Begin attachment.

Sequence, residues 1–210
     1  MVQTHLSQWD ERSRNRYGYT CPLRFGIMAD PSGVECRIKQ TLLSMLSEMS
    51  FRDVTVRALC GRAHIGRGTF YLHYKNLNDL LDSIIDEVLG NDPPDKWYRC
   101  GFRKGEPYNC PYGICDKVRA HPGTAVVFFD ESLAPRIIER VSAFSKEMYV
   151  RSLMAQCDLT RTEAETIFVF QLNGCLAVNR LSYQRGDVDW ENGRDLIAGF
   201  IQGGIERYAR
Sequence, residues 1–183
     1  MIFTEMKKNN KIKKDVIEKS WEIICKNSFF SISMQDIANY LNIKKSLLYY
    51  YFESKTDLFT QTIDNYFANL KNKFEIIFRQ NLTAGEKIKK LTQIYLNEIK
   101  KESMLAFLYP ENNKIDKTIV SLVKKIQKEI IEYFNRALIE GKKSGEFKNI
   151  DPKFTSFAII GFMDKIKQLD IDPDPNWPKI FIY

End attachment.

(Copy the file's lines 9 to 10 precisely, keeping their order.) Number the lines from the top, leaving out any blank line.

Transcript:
    51  YFESKTDLFT QTIDNYFANL KNKFEIIFRQ NLTAGEKIKK LTQIYLNEIK
   101  KESMLAFLYP ENNKIDKTIV SLVKKIQKEI IEYFNRALIE GKKSGEFKNI